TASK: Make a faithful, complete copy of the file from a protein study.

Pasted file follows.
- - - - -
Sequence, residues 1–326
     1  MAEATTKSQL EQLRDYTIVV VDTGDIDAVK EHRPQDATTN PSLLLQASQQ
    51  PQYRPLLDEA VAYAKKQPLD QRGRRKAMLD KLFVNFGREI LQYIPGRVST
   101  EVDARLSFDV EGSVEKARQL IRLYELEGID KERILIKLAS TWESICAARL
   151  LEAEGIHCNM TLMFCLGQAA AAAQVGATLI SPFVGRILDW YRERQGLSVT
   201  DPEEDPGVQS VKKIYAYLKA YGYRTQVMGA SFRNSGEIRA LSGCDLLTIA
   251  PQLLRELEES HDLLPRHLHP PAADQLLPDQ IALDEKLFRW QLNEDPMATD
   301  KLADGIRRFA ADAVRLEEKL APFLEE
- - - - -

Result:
Sequence, residues 1–326
     1  MAEATTKSQL EQLRDYTIVV VDTGDIDAVK EHRPQDATTN PSLLLQASQQ
    51  PQYRPLLDEA VAYAKKQPLD QRGRRKAMLD KLFVNFGREI LQYIPGRVST
   101  EVDARLSFDV EGSVEKARQL IRLYELEGID KERILIKLAS TWESICAARL
   151  LEAEGIHCNM TLMFCLGQAA AAAQVGATLI SPFVGRILDW YRERQGLSVT
   201  DPEEDPGVQS VKKIYAYLKA YGYRTQVMGA SFRNSGEIRA LSGCDLLTIA
   251  PQLLRELEES HDLLPRHLHP PAADQLLPDQ IALDEKLFRW QLNEDPMATD
   301  KLADGIRRFA ADAVRLEEKL APFLEE